Did the Framers do right by the law, but wrong by standard English? Did they learn the rules before they won their license to break them, much as they broke from their former colonial masters? Whatever the explanation, it's clear that any writing teacher would grade them down, or maybe even write them up in Salon, for not understanding commas and for violating the laws of language. But if you're radical enough to argue that the Constitution contains errors, you'll need not just a lot of red ink but also a joint resolution of Congress followed by approval of three-fourths of the states if you want to correct them.
My point, if you're waiting for the sound bite, is that mastering commas has little to do with standard English, and mastering standard English—if standard English can even be defined—doesn't guarantee good writing.
The oft-repeated demand to rethink teaching by teaching more grammar is not the answer (and teaching the comma is not teaching grammar, it's teaching punctuation). When American schools began requiring grammar in the nineteenth century, teachers, not students, complained that the subject was too hard for them. They were told by school authorities, "Just stay a page ahead of your students, you'll do fine." When after a few decades of mandatory grammar lessons it became evident that student writing still wasn't where it needed to be, the schools dropped grammar as deadening and ineffective. With student writing still an issue, critics want grammar back in the classroom. If nothing else, this cycling in and out of grammar should tell us that writing and grammar aren't really connected.
There's a reason to study grammar: it reveals the structure underlying human communication, and human communication is, well, it's what we do. But studying grammar won't help us communicate better any more than studying the internal combustion engine will help us to be better drivers.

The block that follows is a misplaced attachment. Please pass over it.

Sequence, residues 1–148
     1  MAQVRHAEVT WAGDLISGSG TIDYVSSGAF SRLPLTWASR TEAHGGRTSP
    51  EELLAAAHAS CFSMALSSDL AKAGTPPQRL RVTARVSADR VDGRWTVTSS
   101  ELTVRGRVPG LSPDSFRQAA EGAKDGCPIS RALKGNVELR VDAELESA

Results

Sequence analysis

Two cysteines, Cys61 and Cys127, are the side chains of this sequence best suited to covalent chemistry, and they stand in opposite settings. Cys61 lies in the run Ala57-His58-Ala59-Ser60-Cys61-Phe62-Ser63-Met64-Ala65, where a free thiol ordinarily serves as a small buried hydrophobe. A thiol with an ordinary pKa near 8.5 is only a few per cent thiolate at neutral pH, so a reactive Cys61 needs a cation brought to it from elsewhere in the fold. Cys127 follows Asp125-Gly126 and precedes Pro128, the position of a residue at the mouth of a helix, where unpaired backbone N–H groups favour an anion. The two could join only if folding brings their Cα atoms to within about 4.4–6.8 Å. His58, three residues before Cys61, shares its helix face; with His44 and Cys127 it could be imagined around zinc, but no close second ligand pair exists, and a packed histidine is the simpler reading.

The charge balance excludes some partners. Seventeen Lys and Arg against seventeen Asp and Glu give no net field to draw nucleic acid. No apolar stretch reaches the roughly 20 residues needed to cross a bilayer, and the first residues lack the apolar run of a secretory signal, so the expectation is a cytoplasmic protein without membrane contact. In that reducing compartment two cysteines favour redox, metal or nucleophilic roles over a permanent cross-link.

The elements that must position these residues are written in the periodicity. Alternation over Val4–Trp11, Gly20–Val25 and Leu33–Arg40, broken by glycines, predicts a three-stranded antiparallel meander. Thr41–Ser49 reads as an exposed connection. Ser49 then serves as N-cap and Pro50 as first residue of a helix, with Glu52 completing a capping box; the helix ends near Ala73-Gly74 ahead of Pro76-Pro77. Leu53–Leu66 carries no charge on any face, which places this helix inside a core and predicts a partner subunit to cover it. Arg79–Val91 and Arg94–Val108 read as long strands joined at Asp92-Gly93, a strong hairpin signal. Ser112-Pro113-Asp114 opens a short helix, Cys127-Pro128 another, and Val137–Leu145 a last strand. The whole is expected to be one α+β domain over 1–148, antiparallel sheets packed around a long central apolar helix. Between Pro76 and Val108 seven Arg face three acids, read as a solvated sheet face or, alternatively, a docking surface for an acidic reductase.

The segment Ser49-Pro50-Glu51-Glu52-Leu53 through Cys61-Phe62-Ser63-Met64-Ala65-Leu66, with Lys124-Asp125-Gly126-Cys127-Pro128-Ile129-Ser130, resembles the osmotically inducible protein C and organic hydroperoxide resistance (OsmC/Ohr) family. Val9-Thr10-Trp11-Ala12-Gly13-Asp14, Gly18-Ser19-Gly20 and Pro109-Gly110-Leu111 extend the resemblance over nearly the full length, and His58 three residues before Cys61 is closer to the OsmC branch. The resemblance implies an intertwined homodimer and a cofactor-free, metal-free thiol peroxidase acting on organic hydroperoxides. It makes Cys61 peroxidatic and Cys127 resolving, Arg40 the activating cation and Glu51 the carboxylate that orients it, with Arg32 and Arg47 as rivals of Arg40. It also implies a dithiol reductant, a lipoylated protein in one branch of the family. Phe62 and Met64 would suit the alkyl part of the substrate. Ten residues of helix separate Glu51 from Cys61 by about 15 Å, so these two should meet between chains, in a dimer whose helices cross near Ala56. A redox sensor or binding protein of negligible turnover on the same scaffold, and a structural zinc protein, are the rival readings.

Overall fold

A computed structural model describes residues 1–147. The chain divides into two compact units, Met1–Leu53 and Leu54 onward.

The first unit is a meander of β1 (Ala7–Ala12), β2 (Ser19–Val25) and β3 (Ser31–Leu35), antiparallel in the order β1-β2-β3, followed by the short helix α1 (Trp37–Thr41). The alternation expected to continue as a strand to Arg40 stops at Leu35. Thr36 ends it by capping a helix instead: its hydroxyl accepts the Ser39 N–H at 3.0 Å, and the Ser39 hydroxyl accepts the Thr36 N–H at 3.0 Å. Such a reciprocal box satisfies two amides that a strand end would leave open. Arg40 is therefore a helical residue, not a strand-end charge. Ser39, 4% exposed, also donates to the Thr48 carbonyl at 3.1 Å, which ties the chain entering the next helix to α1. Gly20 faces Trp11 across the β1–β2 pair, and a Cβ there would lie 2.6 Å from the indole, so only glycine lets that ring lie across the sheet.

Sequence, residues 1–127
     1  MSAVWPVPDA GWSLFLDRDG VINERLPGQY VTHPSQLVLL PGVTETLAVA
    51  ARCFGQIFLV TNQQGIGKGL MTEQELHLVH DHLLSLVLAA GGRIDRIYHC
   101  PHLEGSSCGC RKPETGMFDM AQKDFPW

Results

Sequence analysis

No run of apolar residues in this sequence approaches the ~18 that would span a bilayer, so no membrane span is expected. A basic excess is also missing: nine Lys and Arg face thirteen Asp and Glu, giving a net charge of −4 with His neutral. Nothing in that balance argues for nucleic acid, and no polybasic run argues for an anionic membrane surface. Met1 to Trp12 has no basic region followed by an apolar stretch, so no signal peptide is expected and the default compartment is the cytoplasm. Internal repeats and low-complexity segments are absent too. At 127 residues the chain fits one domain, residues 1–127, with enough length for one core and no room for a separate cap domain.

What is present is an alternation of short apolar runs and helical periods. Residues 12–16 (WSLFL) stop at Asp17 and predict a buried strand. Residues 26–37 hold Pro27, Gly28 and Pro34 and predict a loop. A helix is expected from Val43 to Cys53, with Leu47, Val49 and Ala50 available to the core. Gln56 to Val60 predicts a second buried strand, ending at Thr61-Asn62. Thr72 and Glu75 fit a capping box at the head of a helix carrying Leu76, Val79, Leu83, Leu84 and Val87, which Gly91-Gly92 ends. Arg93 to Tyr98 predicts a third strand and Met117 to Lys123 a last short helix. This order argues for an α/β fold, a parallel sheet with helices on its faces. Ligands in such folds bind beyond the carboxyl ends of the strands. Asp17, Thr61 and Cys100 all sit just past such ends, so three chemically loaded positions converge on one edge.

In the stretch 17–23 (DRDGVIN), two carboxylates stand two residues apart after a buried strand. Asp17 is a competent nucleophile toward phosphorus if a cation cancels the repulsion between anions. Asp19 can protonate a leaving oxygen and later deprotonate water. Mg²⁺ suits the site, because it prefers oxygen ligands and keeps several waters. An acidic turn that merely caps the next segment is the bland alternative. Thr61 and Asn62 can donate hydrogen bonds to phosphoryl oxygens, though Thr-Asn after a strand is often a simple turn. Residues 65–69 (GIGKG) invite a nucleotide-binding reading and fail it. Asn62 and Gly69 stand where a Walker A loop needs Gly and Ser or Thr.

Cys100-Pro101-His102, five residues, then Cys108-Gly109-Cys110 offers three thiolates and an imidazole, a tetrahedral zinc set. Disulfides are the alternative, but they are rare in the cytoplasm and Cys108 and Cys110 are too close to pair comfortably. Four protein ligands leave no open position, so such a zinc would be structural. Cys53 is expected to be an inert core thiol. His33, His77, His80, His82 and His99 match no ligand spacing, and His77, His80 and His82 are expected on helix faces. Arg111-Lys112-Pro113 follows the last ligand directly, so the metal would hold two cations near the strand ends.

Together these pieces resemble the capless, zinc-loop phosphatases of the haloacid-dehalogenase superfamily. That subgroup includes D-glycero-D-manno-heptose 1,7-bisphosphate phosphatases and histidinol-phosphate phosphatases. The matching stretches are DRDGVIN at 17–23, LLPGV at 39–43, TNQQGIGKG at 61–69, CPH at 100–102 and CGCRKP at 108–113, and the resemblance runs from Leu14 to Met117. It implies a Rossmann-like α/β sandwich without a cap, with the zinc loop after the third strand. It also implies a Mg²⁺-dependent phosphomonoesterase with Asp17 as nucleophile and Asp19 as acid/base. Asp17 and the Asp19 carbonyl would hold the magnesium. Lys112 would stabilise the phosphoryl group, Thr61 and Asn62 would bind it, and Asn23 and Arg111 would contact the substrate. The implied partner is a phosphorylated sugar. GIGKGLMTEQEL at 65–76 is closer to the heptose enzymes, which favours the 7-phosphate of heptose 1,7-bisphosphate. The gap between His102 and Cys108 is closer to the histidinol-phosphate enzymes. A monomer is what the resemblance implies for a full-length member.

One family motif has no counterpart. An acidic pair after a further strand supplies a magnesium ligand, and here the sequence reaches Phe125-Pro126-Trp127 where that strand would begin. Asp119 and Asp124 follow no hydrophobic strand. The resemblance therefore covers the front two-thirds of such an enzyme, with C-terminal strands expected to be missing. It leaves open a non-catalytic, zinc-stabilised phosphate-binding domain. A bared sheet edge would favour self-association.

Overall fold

What can make writers better is more writing. Writing more doesn't always work: the best writers sometimes fall flat, the worst sometimes fail to improve, and the mediocre may stay stuck in the middle. But writing, both for practice and for real, works better to improve writing than sentence diagrams, comma drills, and mantras like "a noun is the name of a person, place or thing" (should there be a comma after place?). The problem, for the schools, is that writing takes time. It's a messy process. Improvement isn't linear. It requires one-on-one feedback from an engaged audience. It's labor-intensive. It can't be taught by machine. It's expensive.
On the other hand, writing is also something that, thanks to the digital revolution, more and more people are doing not just for work and school, but also voluntarily, for their own benefit. Schools tend to dismiss the kind of writing that appears on Facebook, Twitter, IM, texting, and blogs as trivial, even detrimental to the development of good writers. But maybe we should rethink how we teach by looking at what writers do when they tweet and post. And that in turn might shed some light on what writers do when they write essays, poems, grant proposals, quarterly earnings reports, or constitutions. (Hint: they don't check Strunk and White every time they're not sure where to put the comma.)